"Fiction Distorting Fact": The Prison Life, Annotated by Jefferson Davis

Forside
Mercer University Press, 1987 - 168 sider
This new study of 'Prison life' places the work and these two years in proper perspective. Davis was imprisoned and Craven was assigned to be his physician, not much more than that should be accepted as fact. This edition reproduces Davis's annotations and comments from his personal copy, along with editorial notes and explanations. It also provides a clear, objective description of Davis's life at Fort Monroe, based on evidence and Davis's own letters from prison.
 

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Innhold

PREFACE
vii
ACKNOWLEDGMENTS
ix
INTRODUCTION
xi
CHAPTER 1
1
CHAPTER 2
5
CHAPTER 3
10
CHAPTER 4
15
CHAPTER 5
20
CHAPTER 13
74
CHAPTER 14
80
CHAPTER 15
85
CHAPTER 16
90
CHAPTER 17
94
CHAPTER 18
102
CHAPTER 19
108
CHAPTER 20
114

CHAPTER 6
26
CHAPTER 7
32
CHAPTER 8
37
CHAPTER 9
43
CHAPTER 10
54
CHAPTER 11
60
CHAPTER 12
68
CHAPTER 21
119
CHAPTER 22
128
CHAPTER 23
136
APPENDIX
141
BIBLIOGRAPHY
151
INDEX
165
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Side xii - I'm not trying to be funny, smart. I just want to understand it if I can and I dont know how to say it better. Because it's something my people haven't got. Or if we have got it, it all happened long ago across the water and so now there aint anything to look at every day to remind us of it...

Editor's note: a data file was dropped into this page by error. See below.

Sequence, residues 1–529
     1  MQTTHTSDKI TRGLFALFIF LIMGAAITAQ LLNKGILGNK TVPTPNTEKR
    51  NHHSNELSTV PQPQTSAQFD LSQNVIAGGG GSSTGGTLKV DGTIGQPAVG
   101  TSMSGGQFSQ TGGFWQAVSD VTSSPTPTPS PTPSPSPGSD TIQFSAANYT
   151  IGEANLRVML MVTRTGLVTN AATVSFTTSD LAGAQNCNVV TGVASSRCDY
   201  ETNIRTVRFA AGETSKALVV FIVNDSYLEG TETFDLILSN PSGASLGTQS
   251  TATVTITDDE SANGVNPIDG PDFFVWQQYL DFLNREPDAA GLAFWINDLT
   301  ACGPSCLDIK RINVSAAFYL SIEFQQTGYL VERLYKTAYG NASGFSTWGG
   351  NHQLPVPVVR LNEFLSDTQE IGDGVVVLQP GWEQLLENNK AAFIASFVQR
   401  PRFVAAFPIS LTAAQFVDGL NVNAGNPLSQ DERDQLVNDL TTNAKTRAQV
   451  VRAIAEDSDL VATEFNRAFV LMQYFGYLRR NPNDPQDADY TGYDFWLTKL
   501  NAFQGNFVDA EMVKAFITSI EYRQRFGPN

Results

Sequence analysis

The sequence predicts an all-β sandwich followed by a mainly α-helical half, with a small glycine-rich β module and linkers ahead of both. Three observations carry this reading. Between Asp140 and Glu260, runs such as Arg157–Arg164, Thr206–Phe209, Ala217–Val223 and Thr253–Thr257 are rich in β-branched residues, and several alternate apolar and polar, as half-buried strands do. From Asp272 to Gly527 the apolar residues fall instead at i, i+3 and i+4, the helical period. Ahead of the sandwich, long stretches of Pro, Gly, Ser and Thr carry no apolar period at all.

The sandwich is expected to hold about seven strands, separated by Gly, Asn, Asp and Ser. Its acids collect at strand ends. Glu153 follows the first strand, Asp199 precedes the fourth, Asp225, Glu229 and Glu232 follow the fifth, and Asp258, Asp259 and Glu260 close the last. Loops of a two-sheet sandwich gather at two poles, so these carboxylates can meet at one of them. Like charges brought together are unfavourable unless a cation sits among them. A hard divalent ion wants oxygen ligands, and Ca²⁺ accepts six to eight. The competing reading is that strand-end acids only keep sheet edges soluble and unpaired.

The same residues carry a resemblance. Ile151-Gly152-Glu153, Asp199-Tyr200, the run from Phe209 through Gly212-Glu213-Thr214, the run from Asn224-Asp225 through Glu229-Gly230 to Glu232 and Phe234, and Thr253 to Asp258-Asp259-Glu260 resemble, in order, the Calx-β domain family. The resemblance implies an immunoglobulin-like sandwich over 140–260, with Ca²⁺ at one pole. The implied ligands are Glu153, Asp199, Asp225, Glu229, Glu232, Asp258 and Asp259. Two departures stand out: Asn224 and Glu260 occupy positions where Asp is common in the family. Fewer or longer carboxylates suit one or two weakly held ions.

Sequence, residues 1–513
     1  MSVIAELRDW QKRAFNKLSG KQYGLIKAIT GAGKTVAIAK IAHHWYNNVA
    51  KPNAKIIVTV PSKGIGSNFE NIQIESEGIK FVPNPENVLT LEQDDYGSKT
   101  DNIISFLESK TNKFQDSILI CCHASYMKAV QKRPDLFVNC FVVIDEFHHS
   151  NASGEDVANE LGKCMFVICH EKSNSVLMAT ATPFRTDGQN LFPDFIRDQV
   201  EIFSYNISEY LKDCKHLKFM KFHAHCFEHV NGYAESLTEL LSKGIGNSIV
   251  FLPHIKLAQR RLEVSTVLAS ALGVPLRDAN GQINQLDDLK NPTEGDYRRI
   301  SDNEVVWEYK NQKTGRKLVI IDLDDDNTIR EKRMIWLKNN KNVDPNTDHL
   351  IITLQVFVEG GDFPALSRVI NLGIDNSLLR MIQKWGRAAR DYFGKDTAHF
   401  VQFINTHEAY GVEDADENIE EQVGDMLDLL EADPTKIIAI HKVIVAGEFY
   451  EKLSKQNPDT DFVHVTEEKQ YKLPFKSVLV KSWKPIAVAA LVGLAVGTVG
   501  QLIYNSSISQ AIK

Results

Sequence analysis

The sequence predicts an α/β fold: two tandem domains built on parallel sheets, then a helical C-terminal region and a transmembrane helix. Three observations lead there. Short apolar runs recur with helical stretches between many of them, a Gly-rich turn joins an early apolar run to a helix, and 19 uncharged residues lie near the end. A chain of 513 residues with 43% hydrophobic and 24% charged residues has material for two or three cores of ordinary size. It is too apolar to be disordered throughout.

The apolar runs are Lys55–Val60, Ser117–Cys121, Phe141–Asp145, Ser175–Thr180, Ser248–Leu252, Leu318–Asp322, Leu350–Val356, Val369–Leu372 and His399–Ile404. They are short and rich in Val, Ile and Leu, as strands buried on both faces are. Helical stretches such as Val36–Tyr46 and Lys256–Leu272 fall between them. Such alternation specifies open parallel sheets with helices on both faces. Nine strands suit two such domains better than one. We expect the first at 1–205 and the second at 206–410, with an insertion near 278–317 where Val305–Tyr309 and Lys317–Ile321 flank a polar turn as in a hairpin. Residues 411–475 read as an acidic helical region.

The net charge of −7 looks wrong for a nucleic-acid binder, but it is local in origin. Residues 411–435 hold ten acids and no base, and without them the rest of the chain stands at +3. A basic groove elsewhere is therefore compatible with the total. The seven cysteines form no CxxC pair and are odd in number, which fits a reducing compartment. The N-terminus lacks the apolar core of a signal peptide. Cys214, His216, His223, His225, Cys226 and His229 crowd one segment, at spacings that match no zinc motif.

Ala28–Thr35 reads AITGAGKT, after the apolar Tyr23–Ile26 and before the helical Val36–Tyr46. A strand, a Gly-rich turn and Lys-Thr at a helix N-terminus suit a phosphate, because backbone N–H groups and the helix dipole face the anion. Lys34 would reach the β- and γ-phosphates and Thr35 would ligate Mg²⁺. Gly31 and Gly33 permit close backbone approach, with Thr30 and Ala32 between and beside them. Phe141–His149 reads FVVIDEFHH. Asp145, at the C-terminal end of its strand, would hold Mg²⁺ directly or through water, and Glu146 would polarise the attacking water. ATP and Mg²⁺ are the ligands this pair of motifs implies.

Side xix - The past is dead; let it bury its dead, its hopes and its aspirations. Before you lies the future, a future full of golden promise, a future of expanding national glory, before which all the world shall stand amazed. Let me beseech you to lay aside all rancor, all bitter sectional feeling, and to take your places in the ranks of those who will bring about a consummation devoutly to be wished — a reunited country.

Om forfatteren (1987)

Jefferson Davis was born in Kentucky but grew up in Mississippi. After graduating from West Point in 1828, he served at frontier military posts and in the Black Hawk War. He resigned from the military in 1835. For the next 10 years, he managed his brother's isolated plantation in Mississippi. In 1845, he entered the world of politics as a member of the U.S. House of Representatives. Davis's reputation as a historian rests on one work - The Rise and Fall of the Confederate Government (1878-81), an account based in large measure on his own intimate experiences. Chosen by the provisional congress as president of the Confederate States of America in 1861, Davis faced criticism throughout his tenure. After Lee surrendered without his approval, Davis was indicted by the federal government for treason. Although he spent several years in prison, he was never brought to trial. In 1867, he was released on bond, and he retired to his estate, Beauvoir, on the Gulf of Mexico in Mississippi. There he wrote The Rise and Fall to vindicate the South in general and his presidency in particular.

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